Servicing Your Law School Costs: Consider the Implications of Debt Before You Decide on a Law School

Almost half of the over 3,000 respondents in Above the Law’s recent survey on educational debt of lawyers said they had over $100,000 in educational debt.  That’s a depressing, though hardly surprising, report.  On the bright(er) side, many fewer reported high-interest revolving debt, such as credit card debt.  But, of course, educational debt also delayed or deferred other investments, such as buying a home, and it materially affects (for most respondents) their choice of what job they take (keeping in mind that the respondents in this survey appear to be among those lucky enough to have a legal job).

What isn’t clear is whether these lawyers were focused on the effect their debt would have before they made the decision to attend a particular law school (or attend law school at all), or whether the impact that educational debt would have only became depressingly obvious when their first student loan payments came due.

My guest bloggers and I talk a lot here about the care you should take with your law school decision, and the prospect of becoming a lawyer at all.  A lot of my concern for prospective law students (and especially Advise-In Solutions clients) has to do with the rising—and frequently staggering—amount of debt involved in paying for law school.  It’s just a different thing to be uncertain of a career choice if you’re debt-free when you find out it’s really not for you than if you have six-figure or significant five-figure debt.  In the latter cases, you’re pretty much stuck; in the former, you can decide that the time and money you spent investing in your career may have been bad bets, but they weren’t “all-in” bets.  You’re still better off doing the necessary investigation into what lawyers actually do and deciding whether that’s really right for you but the consequences of a mistake at least won’t tie you down for, potentially, the rest of your life.

If you know you want to be a lawyer, the level of debt still matters, since it will affect your career flexibility after graduation.  A high debt level drives you to a higher salary, often at a large law firm, which is great if that’s what you want, but not so great if that kind of work will make you miserable for several years or longer.

To illustrate, let’s say you come out of law school with $125,000 in educational debt and have 20 years to pay off your educational loans.  Let’s also (charitably) assume that interest rates remain at or near their current historic lows, so that you pay a 4% annual rate.  To begin with, you’ll spend about $182,000 to pay off your loan.  And if payments are regular, you’ll spend around $9,000 each year for 20 years (if you opt for a plan that escalates payments, you’ll pay more in the aggregate but less at the beginning).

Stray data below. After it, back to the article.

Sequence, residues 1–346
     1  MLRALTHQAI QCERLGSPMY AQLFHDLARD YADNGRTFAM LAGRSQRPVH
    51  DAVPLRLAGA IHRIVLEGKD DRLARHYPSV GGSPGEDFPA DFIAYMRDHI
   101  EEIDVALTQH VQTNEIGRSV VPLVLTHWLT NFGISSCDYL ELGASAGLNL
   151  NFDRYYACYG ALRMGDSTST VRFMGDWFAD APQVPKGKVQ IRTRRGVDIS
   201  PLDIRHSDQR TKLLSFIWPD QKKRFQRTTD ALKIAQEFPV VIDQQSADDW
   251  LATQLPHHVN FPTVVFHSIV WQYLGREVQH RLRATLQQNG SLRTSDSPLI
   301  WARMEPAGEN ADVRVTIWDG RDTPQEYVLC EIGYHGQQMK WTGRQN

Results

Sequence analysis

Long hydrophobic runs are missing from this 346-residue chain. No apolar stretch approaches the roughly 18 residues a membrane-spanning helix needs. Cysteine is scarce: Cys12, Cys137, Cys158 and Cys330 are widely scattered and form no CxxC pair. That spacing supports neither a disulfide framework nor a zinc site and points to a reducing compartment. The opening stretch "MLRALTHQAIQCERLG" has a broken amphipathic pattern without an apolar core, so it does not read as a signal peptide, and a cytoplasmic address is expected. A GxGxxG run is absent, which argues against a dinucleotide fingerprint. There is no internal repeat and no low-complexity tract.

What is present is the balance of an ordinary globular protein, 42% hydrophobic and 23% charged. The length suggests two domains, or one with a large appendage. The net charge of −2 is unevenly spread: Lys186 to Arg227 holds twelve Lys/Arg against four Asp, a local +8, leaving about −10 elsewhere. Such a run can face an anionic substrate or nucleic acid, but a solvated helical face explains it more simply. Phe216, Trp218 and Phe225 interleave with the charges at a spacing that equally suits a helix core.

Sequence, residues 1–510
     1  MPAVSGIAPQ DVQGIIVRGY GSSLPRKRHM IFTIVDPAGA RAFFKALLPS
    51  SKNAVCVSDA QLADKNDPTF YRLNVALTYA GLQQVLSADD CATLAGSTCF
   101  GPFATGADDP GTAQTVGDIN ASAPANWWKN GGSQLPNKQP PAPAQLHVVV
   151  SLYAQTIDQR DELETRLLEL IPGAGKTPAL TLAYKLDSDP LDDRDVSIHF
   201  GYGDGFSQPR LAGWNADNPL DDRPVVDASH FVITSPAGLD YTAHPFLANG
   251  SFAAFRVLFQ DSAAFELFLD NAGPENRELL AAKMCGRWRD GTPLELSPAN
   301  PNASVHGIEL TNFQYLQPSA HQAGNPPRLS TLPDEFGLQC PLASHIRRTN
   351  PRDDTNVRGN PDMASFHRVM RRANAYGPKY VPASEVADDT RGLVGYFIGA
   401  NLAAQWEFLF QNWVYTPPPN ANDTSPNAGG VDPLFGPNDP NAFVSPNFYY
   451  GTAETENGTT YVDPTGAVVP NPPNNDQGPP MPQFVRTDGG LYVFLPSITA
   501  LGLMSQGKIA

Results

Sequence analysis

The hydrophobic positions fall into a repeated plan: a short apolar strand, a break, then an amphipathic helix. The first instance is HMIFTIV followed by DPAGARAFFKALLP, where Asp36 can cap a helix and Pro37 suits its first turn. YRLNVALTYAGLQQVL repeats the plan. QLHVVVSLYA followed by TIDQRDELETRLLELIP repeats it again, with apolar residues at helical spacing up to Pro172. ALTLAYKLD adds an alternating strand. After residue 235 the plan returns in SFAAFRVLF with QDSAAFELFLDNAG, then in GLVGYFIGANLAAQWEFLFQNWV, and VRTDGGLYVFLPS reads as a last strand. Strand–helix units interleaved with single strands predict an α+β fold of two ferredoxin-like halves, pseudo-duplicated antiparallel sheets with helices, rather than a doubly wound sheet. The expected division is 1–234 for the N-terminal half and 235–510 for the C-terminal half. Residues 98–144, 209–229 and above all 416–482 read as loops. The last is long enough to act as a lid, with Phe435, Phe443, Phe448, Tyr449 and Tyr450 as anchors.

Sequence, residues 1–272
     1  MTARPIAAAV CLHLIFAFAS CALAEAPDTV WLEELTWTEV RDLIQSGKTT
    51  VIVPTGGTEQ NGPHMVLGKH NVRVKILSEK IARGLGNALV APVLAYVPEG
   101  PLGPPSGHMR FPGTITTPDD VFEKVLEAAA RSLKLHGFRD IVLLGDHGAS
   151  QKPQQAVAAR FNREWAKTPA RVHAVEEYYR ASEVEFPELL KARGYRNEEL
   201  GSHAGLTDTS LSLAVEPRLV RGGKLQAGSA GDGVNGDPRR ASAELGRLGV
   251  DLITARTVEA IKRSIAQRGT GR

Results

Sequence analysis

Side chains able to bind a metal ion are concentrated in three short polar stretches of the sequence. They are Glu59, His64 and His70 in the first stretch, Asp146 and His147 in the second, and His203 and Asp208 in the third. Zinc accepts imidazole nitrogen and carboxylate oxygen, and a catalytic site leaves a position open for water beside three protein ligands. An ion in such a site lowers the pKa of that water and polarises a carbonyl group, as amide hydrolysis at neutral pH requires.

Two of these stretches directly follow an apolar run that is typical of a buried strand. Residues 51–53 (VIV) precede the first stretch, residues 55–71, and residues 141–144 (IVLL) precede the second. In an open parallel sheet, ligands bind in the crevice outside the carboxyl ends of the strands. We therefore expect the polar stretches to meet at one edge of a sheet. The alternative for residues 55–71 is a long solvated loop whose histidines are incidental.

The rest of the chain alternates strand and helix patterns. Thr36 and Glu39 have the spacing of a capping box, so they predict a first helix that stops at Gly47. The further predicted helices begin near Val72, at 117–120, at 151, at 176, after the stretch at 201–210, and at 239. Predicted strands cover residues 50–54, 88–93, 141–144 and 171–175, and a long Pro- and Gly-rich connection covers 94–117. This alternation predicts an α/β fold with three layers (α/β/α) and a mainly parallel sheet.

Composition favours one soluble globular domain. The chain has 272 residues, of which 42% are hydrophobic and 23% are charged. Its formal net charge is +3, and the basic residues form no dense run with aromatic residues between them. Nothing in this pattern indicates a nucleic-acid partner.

That’s a big chunk of change.  If you graduated from a law school ranked below 25 in the US News rankings, and you earn the average income of such a graduate, one out of every seven dollars of your initial gross income will go to paying off your educational debt (and in the current legal employment market, no one should assume that their income will rise consistently).  If you’re an average graduate of law schools ranked 11-25, the situation isn’t a lot better—one of every 10 dollars rather than one of every 7.  “Gross income” is important—it includes a lot of money (taxes, social security, Medicare, health insurance, etc.) that you’ll never actually see.  As a proportion of disposable income, educational debt payments are obviously much, much higher, and that money just won’t be available for other things you want.

Even those numbers assume an unlikely persistence of historically low interest rates for the next 20 years.  If your educational loans are variable interest (as most are), and interest rates were to rise to a more historically normal level of, say, 5.5% (nowhere near where they would be if the economy became significantly inflationary), then you’ll pay about $207,000 to pay of the same $125,000 in debt and, more important, the annual payment will increase by over $1,200 per year.

Sobering as that is, it doesn’t necessarily make law school debt a bad investment (although it does imply that it’s a terrible investment if you’re not sure you really want to practice law).  But it’s crucial to get clear graduate employment data from law schools before you decide to attend.  You and your law school admission advisors should carefully calculate the long-term impact of law school debt (being careful to incorporate significantly higher-than-normal expenses the first few years out of law school), not just whether or not you can find the money to go.  The money to attend law school is probably available, but after you’ve tossed your graduation cap in the air, you don’t want to be surprised by the constraints that your debt will impose on your future.

~ by Kyle Pasewark at Advise-in Solutions on March 10, 2011.

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